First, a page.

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Cradle of Filth Bring the Hammer Down

July 23, 2015

There’s a bit of history swirling around the release of Hammer of the Witches, the eleventh studio album by Cradle of Filth. Its the most noteworthy among the new metal albums that were released on July 10th, the world’s first global release day; and secondly, its Cradle of Filth’s first album without longtime guitarist Paul Allender. Some of you may remember that Allender’s departure in April of 2014 had me speculating about how it might be the best possible thing for the future of the band. I found Allender’s songwriting contributions to be growing ever more stale and repetitive, its like he was running of enthusiasm and as a result, inspiration. It was confirmed when I saw just how bored he seemed on stage when I caught them live on their North American trek with Satyricon in 2008, so much so that I wouldn’t have been surprised if he had bailed soon thereafter. But Allender stuck around through the recording and touring of 2012’s The Manticore and Other Horrors, an album that while certainly not awful, was hardly remarkable either. Its rare that you can look at a band’s current lineup and single out what’s not working, but Allender and Cradle were visibly no longer meant to be together, it was plain for everyone to see.

Cue in new guitarists Richard Shaw and Ashok (née Marek Šmerda); the former a relative unknown whose primary background is as a music teacher, while Ashok spent well over a decade with relatively low-profile Czech black metallers Root. Their road to joining the band isn’t particularly dramatic… a band like Cradle is well established, tours a lot, has plenty of contacts in the industry, so musicians (particularly guitarists) can be found easily. That they’re not known quantities is what is interesting here, that Dani chose not to make overtures to former CoF guitarists (of which there are many), nor extended invitations to other well known musicians is a bit surprising —- it would have been the easier option you’d think. To go with entirely new guys is a roll of the dice gamble, but good on Dani for going this route, because its resulted in the freshest, most vibrant, and enthralling Cradle of Filth album since Midian. It starts with the riffs, where Cradle has undergone a musical blood transfusion, as Shaw and Ashok make only the slightest of nods to the sounds, patterns, and motifs of the past. They’re committed to introducing heavier, chunkier rhythms, at times almost Behemoth-like death metal waves of crushing heaviness with thrash-metal spice thrown in to diffuse things every once in awhile.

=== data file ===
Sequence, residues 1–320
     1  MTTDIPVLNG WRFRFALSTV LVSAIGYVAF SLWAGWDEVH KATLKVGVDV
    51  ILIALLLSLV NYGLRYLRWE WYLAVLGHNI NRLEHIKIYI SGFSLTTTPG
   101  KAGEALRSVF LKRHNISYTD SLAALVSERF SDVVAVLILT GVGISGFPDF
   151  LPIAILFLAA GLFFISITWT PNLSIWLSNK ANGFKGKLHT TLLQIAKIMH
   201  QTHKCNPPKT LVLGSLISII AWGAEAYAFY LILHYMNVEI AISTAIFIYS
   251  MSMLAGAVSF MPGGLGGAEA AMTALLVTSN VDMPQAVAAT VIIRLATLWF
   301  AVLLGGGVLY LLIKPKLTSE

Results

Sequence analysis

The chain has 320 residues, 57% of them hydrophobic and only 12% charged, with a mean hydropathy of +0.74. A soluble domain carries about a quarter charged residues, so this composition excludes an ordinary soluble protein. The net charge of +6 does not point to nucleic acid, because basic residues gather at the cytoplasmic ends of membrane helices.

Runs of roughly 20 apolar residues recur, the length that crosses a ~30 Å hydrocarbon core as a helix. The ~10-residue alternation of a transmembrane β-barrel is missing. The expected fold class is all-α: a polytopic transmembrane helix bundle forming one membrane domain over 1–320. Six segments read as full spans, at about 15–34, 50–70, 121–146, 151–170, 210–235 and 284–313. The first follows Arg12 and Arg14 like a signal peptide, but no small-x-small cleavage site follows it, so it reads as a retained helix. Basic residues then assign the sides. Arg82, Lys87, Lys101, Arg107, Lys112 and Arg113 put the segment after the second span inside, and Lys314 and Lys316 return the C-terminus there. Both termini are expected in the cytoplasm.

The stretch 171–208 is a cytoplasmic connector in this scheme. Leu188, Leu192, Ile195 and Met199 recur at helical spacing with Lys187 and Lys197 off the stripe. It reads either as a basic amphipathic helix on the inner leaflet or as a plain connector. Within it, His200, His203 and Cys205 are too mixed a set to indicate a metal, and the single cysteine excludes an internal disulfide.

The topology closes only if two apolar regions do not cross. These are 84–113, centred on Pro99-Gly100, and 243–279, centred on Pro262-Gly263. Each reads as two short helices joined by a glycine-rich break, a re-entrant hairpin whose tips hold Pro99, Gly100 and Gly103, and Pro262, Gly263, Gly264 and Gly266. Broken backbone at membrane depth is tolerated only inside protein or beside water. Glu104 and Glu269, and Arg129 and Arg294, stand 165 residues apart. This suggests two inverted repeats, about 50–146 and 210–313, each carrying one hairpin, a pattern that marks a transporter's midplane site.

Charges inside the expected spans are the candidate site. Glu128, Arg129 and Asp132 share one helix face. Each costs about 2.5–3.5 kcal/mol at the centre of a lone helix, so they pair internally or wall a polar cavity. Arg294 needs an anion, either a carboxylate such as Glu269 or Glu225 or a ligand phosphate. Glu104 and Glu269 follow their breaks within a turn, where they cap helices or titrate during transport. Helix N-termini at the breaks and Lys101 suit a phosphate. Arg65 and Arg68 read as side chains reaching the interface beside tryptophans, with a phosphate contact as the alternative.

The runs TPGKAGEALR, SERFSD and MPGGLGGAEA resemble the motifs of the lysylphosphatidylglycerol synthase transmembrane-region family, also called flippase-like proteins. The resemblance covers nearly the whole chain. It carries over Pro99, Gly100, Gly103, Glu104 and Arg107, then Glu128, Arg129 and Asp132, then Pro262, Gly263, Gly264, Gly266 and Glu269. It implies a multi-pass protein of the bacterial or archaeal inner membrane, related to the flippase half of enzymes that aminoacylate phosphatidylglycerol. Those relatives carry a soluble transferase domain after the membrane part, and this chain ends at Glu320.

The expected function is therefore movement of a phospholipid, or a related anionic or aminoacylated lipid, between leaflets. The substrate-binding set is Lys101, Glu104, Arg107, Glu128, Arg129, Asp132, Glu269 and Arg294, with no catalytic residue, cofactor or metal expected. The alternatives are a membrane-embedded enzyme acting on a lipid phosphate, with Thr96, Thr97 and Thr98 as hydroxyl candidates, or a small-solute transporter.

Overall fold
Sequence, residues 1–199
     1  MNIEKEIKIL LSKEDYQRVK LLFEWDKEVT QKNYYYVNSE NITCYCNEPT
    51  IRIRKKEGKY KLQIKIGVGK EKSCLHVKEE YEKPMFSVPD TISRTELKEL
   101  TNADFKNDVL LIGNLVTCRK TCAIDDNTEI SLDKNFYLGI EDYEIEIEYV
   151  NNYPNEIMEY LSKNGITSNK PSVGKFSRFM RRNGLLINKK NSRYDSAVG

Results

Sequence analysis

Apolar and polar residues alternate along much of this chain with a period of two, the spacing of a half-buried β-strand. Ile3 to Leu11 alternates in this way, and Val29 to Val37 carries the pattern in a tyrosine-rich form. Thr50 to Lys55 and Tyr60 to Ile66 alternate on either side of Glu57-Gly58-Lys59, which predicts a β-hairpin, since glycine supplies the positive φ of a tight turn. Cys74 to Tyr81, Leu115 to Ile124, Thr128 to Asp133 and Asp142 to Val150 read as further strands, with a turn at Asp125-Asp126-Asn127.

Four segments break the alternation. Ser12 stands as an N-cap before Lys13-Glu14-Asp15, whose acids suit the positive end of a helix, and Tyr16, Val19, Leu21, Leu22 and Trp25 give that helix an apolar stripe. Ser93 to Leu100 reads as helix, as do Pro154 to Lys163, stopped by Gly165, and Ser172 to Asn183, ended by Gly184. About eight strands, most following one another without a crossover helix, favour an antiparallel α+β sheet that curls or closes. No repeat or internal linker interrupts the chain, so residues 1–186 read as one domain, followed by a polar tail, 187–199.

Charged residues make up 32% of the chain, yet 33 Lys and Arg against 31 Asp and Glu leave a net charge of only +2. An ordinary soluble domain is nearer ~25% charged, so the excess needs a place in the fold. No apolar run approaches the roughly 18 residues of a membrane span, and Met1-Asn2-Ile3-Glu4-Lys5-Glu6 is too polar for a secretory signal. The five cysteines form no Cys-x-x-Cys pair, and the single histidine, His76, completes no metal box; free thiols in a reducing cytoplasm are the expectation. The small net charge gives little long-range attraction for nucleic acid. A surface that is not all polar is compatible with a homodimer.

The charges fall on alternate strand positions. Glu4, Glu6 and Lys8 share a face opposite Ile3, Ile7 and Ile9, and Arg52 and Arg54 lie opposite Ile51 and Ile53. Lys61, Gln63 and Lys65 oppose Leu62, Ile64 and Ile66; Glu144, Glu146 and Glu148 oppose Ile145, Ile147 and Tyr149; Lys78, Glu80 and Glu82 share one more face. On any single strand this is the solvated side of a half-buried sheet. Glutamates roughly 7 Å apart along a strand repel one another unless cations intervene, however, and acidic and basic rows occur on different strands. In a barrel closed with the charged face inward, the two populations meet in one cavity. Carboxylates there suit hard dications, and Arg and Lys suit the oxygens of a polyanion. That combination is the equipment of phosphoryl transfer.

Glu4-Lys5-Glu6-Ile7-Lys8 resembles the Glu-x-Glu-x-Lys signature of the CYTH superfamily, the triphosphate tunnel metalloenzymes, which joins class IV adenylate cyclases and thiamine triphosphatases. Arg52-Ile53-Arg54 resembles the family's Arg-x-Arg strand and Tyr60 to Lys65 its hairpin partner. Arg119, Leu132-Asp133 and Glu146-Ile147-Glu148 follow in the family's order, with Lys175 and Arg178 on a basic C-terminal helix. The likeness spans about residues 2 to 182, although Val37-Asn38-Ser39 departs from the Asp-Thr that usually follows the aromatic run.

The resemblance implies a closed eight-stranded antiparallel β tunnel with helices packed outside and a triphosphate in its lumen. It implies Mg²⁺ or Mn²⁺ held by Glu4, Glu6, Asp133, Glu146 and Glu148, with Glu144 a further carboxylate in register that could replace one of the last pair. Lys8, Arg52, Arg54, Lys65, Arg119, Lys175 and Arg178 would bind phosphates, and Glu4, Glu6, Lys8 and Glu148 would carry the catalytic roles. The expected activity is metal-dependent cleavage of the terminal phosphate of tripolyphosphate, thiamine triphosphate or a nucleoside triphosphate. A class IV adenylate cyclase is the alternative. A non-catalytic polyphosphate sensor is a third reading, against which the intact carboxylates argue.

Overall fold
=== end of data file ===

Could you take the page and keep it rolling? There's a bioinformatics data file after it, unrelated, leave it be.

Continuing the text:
This is evident on the first song out of the gate, “Yours Immortally”, my favorite Cradle song since “Nymphetamine”, an unrelentingly furious blast of speed and raw aggression. I can’t remember the last time I’ve heard the band sound this raw, recalling the sound and spirit of their first three albums (albeit with meatier, muscular production). Another gem is “Deflowering The Maidenhead, Displeasuring The Goddess”, a perfect balance of speed, punishing riffs that avoid relying on quasi-tremolo patterns the way Allender did, and Dani’s gutturally aggressive vocals. Dani is on form here, taming back his reliance on ear-splitting high shrieks to primarily reside in a more death metal growl informed vocal mid-range. He’s sounding better than ever before throughout the entirety of the album, partially due to allowing the songs to be written around guitar patterns entirely and segmenting his vocal patterns in between them. Its a given that he’s going to be a love him or hate him proposition for most people, I have some metal loving friends who can’t stand his voice, but songs like these might be as good an introduction to him as ever.